Vagueness has long been illustrated with hair-splitting questions such as: How many grains of sand does it take to make a heap? And how many hairs can a bald man have? But in fact, vagueness is pervasive in human language; without it, communication would hardly be possible. Even seemingly precise expressions such as number words are often used approximately, as for instance when one says that Berlin has 3.4 million inhabitants. We can vary this through the use of more or less exact scales, and signal their granularity with words such as about or exactly. But the apparent inexactness cannot be completely avoided. Or how long can an exactly 10-cm long metal bar actually be?
While vagueness has often been regarded as undesirable, the VAAG project is based on a growing recognition that vagueness actually plays an important role in communication. Our focus is not so much on the nuances of the formal representation of vagueness, but rather on addressing questions such as why vagueness exists in the first place, what its uses are, and how it is constrained sentence internally and within discourse. The VAAG project targets a broad, interdisciplinary reassessment of vagueness, with contributions to general cognitive science, linguistic semantics, experimental psychology, formal pragmatics and computer science. The overall objective of the project is to develop an integrated theory of vagueness, approximation and granularity that is relevant across all of these disciplines, and that also will help to clarify the role of vague expressions and their precisification in fields such as geography and law.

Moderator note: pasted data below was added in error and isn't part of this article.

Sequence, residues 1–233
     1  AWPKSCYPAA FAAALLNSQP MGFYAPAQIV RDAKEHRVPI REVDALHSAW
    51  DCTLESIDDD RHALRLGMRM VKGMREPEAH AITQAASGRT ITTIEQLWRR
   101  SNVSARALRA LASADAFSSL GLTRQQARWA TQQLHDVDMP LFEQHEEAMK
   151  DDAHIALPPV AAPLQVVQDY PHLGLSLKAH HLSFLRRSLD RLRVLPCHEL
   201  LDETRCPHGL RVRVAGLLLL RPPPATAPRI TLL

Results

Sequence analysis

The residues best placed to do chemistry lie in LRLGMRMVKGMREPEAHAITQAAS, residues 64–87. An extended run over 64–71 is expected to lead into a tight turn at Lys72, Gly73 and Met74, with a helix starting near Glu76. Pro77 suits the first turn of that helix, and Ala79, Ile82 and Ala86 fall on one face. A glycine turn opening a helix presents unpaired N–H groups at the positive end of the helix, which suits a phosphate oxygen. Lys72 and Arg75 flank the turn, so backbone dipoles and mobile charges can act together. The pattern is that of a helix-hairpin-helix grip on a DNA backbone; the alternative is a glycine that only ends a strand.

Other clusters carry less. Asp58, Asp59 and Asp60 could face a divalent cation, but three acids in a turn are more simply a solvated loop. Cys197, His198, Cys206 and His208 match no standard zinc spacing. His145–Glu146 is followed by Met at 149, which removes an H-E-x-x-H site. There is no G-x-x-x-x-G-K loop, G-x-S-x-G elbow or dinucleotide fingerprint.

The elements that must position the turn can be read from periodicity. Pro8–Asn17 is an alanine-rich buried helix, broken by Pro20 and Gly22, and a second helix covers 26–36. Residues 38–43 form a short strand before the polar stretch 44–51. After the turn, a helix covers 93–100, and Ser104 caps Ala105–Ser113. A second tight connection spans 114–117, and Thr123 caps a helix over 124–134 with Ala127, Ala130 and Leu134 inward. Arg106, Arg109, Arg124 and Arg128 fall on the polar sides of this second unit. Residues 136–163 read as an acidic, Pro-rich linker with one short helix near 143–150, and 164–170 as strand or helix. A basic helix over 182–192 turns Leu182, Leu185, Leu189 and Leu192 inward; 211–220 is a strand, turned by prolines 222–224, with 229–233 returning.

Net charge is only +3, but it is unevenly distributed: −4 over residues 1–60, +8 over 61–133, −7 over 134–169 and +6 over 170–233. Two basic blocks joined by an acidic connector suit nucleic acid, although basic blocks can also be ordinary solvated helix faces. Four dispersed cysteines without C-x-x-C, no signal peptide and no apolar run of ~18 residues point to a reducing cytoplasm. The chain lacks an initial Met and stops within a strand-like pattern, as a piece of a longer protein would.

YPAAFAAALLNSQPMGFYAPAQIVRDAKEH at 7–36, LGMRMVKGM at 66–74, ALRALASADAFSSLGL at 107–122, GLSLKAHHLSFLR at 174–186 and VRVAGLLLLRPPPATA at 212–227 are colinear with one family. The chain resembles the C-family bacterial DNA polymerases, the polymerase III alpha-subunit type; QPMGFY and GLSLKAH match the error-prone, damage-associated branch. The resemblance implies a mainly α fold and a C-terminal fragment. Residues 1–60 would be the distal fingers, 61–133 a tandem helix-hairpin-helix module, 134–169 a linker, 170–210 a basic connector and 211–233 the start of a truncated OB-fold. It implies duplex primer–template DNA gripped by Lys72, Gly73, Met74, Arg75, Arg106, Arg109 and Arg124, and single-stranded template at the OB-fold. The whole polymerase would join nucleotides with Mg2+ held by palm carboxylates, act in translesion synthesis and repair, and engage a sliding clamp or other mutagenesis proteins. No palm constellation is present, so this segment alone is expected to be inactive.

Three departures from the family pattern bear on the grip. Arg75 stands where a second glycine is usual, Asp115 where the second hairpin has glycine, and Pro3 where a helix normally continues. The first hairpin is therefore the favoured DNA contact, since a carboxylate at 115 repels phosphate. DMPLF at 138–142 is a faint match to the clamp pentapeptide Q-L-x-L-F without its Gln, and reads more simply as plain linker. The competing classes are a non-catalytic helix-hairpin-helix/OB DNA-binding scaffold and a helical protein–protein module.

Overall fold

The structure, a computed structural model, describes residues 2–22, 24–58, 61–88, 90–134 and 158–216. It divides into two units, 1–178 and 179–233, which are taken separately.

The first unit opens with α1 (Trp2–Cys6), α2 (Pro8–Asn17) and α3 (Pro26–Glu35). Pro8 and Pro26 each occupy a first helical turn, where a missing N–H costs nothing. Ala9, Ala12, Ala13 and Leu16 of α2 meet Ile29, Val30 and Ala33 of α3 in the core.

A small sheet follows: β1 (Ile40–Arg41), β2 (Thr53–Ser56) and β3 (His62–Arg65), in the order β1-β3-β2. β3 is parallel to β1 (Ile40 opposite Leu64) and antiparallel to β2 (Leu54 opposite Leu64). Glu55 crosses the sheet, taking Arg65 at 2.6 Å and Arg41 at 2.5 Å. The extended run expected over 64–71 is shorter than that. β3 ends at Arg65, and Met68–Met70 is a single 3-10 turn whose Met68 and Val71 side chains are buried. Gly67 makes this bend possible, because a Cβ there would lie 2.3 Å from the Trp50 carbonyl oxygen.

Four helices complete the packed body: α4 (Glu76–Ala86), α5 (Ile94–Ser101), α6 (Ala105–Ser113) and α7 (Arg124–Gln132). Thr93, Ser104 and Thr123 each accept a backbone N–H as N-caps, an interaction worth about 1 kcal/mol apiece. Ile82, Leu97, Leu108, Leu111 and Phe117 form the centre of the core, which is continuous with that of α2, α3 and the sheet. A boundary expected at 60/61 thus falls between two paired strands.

The VAAG project is a European cooperative project that is funded by the ESF under the auspices of the EuroCORES Programme LogICCC. The VAAG project partners are located in Amsterdam, Lund, Zagreb and Edinburg; ZAS coordinates the work of the project. The project is characterized by a great diversity of methods: side by side with classical approaches from semantics and pragmatics, we also utilize those from game theory, cognitive science and psycholinguistics, including both behavioural and neurophysiological methodologies.